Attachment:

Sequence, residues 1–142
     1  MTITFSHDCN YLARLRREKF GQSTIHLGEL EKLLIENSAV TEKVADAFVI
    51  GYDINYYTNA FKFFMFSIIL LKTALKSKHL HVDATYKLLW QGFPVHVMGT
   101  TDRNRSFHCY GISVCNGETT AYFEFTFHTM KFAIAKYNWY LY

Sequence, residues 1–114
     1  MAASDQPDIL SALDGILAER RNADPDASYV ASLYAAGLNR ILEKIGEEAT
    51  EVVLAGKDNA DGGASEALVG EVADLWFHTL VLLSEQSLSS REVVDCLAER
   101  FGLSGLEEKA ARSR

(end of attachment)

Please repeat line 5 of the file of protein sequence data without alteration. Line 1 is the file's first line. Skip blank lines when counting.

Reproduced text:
Sequence, residues 1–114